Originally written for Wessex Scene.
How much can you say in 140 characters? Not much, you might think, but this small chunk of language is increasingly rife in the digital age.
That opening paragraph, in case you were wondering, was 140 characters exactly. But for those wanting to squeeze more into ever shrinking units of communication, the easiest way is to use abbreviations or, as the Oxford English Dictionary has dubbed them, initialisms. This is part of a move to include common textspeak abbreviations such as OMG, LOL and FYI into their updated online edition, as well as adding a whole raft of slang terms from Wag to muffin top.
We may all be familiar with these initialisms and a host of others, but it would probably surprise most of us to learn that in fact the first use of OMG was in a personal letter dating from 1917, while FYI originates from the language of memoranda in 1941. The desire to fit more into less is nothing new, it would appear. When it comes to the English language, is less really more?
England manager Fabio Capello certainly thinks so; he commented to reporters that he needs a vocabulary of a mere 100 words in order to talk tactics with his players. While he probably did not mean this figure to be taken literally, it is worth asking just how many words we use on a daily basis and if the demands of our increasingly digital and fast-paced lives make much of our language’s rich vocabulary defunct.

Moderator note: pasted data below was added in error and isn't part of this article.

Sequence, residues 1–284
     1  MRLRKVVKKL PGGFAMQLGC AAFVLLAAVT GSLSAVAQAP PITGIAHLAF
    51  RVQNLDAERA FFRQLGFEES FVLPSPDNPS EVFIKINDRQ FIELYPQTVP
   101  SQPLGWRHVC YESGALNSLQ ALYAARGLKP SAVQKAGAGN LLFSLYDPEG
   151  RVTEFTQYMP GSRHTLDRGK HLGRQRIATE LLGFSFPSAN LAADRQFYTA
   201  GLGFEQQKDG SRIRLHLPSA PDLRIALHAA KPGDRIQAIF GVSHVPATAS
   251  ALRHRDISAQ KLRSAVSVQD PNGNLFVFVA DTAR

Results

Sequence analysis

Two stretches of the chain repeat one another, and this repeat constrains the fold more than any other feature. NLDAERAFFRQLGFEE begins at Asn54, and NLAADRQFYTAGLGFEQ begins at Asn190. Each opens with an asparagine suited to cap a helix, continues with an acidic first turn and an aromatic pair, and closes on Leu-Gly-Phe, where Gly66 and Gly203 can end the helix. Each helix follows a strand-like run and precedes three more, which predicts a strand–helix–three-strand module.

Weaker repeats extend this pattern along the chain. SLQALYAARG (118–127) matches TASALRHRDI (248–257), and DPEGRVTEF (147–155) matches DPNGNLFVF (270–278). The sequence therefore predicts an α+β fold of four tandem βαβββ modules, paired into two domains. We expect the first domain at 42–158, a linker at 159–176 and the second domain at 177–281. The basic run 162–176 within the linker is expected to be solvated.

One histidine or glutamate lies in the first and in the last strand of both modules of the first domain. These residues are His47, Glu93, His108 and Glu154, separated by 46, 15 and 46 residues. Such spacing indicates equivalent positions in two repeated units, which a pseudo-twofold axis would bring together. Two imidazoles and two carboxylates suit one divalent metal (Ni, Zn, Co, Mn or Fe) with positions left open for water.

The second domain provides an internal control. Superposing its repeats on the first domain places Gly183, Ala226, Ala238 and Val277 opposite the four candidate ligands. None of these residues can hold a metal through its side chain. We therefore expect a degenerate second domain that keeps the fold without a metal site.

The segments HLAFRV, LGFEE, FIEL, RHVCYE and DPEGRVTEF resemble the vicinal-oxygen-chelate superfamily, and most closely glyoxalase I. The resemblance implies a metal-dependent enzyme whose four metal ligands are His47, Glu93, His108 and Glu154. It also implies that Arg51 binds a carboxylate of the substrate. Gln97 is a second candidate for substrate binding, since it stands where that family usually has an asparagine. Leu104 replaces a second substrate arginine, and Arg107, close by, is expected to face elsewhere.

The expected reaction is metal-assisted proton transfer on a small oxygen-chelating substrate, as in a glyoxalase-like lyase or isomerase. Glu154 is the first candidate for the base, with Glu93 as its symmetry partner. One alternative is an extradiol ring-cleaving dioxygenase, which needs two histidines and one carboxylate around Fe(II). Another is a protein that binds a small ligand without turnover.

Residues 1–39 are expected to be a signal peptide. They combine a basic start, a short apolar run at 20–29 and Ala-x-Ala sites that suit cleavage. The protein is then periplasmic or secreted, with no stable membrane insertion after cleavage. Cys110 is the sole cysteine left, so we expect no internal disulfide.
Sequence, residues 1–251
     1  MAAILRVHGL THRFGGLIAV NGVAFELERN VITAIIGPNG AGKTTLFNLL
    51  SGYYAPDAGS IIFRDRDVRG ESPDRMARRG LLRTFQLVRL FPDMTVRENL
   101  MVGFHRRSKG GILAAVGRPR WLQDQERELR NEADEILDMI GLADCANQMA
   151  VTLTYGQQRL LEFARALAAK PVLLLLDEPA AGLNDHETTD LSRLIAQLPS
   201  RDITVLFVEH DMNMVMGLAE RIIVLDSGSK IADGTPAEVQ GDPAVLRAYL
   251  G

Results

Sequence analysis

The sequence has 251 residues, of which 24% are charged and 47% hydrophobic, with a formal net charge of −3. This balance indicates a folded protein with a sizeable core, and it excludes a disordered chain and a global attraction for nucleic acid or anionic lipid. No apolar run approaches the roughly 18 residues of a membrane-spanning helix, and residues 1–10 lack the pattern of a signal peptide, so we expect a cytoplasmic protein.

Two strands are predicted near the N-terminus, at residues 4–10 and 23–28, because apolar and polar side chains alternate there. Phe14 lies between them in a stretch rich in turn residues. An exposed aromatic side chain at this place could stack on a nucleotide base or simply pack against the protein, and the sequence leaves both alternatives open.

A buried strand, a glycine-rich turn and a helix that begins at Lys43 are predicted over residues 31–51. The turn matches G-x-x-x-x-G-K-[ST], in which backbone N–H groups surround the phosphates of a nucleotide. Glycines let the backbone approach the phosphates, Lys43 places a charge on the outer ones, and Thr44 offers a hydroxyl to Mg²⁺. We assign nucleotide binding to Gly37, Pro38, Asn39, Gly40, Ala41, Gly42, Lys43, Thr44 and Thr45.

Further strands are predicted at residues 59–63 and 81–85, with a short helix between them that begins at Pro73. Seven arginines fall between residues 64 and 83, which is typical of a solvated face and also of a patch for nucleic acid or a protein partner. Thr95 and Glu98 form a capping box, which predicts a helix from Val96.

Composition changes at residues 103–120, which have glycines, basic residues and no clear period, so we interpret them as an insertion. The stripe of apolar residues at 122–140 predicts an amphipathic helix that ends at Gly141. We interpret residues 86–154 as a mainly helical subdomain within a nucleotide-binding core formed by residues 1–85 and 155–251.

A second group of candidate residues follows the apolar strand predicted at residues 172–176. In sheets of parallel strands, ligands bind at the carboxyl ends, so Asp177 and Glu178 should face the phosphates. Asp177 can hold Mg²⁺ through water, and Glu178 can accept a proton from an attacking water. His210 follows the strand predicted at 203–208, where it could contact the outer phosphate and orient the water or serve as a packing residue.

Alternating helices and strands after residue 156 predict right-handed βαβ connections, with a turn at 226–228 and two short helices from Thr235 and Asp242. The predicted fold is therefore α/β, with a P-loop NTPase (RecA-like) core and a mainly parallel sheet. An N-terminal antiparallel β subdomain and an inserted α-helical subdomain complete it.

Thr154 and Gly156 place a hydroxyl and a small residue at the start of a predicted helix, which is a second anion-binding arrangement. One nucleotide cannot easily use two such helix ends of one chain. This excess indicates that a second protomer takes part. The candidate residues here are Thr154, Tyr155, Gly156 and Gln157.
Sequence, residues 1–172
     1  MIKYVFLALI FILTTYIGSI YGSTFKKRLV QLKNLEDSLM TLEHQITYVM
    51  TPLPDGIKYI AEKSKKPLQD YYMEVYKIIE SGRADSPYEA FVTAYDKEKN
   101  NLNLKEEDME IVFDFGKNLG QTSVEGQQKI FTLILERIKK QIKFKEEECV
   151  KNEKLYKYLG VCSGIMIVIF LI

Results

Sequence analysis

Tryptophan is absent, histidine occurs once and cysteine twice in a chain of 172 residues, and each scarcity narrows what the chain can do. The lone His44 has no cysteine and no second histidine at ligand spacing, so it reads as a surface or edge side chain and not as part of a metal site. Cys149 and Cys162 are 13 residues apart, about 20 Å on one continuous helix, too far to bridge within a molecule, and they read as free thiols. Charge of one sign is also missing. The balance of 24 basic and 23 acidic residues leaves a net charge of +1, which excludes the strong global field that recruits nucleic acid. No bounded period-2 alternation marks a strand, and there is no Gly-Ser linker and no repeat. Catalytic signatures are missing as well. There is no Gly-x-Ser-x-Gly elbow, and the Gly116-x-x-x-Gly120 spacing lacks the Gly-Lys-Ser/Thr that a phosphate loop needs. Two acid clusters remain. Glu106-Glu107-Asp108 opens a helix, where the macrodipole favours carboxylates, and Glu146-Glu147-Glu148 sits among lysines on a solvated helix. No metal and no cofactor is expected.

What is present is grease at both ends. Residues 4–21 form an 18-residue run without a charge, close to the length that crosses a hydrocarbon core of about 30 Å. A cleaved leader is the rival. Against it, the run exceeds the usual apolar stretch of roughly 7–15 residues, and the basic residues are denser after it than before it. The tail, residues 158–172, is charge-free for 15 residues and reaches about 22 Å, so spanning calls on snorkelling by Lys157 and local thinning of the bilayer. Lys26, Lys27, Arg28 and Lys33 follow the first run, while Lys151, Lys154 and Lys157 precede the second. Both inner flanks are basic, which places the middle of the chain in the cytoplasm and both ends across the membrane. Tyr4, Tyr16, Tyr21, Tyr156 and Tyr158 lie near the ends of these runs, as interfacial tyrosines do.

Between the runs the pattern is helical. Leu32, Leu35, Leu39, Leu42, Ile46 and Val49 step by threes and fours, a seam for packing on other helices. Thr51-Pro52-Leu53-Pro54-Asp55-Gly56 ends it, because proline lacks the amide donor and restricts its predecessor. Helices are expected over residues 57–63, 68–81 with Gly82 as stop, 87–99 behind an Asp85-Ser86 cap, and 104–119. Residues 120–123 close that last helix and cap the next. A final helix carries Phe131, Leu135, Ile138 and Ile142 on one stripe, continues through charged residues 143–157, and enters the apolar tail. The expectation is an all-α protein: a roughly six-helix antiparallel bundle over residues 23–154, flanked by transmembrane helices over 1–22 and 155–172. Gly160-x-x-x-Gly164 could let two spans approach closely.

No such worries dogged the writers of the past, with literary figures such as Chaucer and Shakespeare even throwing words of their own creation into the mix. According to the Oxford English Dictionary, the Bard introduced over 1,500 words to the English language, while Chaucer clocked up a whopping 2,027. Charles Dickens, meanwhile, can boast more than 200 words to his name and the Daily Telegraph has made 250 additions, including the first use of the now infamous alcopop back in 1997.
The decision to add initialisms to the Oxford English Dictionary may be controversial and will prompt the harbingers of doom to bemoan the deterioration of the English language, but perhaps we should be celebrating the continued growth of our vocabulary. While the pervasion of textspeak into more of our language might not be the most encouraging development, the continual expansion of the English language is a vital sign of life; our vocabulary has not been denigrated to Capello’s 100 word range just yet.
As for the growing fashion to shrink language into easily digestible chunks, this can be seen as a new challenge to the flexibility and inventiveness of our vocabulary. While many tweets are filled with barely comprehensible abbreviations, some have embraced the possibilities of Twitter to play with language in fresh, exciting ways. One such experimentation with words is the growth of Twitter fiction, with users attempting to write stories in no more than 140 characters.
Some fear that textspeak will begin to take over written language, while in his recent book The Language Wars, Henry Hitchings speculated that the apostrophe is on the way out, but the plain fact is that there is no way of knowing what is next for the English language. What is clear, however, is that it will not be going down without a fight.